I was exposed to art early in life. My mother used to take us to watch symphonies playing in a park. For me, nothing else spells ‘civilization’ like classical music in a public place.
Alluring and close to impossible to avoid, art can be for many intimidating. Encompassed by art galleries and critics, collectors, auction houses, and treasures such as Leonardo da Vinci’s ‘Salvador Mundi’ fetching almost a ½ of billion dollars, one may ask; is there a place for the common man in the arts?
Good art, bad art; there is no such a thing.
Art is an expression that transmits powerful emotions and the recipients are impacted in different ways.
While the wealthy have experts bidding and acquiring their art pieces that will hang on the walls of houses they don’t live in and building libraries with books they will never open, let alone read, the less privileged is content with the public view of art expression, which is readily available in any large city, around the world.
But back to the emotional power art is created to radiate.
Does the regular ‘Joe’ get more enjoyment than the rich and famous?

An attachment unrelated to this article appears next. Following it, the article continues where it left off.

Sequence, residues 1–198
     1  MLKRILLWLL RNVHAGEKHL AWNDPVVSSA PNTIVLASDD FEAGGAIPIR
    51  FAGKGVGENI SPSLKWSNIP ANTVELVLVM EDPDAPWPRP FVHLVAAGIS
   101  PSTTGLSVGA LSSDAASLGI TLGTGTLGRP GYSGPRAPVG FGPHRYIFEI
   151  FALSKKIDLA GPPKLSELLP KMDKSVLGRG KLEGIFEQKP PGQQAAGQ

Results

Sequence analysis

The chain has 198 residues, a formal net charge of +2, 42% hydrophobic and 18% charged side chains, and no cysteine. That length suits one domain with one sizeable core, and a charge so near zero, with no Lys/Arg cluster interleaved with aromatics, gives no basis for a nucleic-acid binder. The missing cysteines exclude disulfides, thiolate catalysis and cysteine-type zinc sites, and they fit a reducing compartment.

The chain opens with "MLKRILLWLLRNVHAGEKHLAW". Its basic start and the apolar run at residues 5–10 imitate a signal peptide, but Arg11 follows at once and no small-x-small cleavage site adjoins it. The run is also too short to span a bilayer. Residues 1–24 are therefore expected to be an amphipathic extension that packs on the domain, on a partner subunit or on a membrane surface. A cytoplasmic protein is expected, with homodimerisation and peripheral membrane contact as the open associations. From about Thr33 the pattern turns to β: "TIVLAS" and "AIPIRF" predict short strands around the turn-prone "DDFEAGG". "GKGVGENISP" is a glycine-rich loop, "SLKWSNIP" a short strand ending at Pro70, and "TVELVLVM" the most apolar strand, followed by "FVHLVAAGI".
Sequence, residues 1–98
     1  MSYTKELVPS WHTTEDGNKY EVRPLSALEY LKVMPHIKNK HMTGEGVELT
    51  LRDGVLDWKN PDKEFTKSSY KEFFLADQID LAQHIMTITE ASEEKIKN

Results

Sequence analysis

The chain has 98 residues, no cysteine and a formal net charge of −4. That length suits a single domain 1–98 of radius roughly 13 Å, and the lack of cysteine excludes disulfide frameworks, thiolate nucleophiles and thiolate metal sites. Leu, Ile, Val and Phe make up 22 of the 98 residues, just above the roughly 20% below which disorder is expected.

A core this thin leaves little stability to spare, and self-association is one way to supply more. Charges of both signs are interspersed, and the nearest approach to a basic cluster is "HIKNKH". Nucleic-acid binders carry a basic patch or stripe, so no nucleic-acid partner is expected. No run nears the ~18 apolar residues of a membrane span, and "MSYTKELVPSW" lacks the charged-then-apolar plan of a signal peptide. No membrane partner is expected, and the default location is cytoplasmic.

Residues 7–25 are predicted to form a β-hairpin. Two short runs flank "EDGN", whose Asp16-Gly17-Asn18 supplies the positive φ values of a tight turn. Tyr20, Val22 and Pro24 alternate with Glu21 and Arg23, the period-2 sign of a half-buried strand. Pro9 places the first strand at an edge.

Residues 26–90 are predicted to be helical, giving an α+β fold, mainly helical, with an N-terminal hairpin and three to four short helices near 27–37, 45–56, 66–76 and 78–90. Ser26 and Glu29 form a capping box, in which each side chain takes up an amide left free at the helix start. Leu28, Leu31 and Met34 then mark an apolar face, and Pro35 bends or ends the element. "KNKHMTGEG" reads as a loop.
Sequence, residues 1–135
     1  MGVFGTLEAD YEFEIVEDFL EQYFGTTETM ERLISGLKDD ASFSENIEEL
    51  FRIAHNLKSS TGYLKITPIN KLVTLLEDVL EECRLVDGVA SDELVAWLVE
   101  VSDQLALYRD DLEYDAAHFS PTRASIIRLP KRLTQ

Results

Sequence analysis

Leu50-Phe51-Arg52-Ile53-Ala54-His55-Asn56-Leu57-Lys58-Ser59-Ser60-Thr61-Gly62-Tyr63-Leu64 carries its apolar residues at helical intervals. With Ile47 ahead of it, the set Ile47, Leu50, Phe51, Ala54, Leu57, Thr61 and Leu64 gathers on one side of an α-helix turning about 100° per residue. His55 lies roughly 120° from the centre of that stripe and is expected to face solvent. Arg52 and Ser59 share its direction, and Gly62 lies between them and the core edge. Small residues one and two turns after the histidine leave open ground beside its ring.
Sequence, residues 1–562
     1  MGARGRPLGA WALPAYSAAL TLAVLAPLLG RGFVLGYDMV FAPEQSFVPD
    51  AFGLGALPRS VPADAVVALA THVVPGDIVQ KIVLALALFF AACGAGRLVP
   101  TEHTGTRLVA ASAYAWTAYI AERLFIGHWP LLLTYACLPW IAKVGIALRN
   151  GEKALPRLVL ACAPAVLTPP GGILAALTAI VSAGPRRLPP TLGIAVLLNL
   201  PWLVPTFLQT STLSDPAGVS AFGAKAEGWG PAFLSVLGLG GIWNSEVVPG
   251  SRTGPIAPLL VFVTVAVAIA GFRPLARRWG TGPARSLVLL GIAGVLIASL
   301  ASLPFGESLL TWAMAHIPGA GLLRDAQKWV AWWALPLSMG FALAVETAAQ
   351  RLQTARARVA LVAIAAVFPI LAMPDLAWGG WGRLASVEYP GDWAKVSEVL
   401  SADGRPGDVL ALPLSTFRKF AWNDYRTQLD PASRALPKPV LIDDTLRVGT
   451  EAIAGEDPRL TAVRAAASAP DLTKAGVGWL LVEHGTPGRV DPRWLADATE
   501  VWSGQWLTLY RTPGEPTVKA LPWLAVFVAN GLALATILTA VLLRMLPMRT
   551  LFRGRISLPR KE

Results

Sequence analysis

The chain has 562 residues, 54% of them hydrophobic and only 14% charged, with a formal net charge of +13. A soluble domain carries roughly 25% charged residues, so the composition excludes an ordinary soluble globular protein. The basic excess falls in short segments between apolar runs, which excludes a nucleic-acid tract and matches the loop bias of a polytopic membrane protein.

ABSOLUTELY! Everything worthwhile in life comes with sacrifices. These sacrifices large or small will yield satisfaction. When I visited the Sistine Chapel, I felt like sitting on the hard cold floor and crying. This was not a religious moment, but one of immense unexplainable emotion. I seriously doubt ‘Mr. Money Bags’ feels joy like this when he looks at his newly acquired masterpiece.
Copyright© Edge of Humanity LLC 2019
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Neutrality comes with the price of being disconnected. Society is composed of like-minded people; teal lovers search for bluish-green connections, and the burnt sienna worshippers choose to navigate a path that’s deep reddish brown. Embracing the color wheel will yield richer exposure and isolation.
There is no glory in neutrality.
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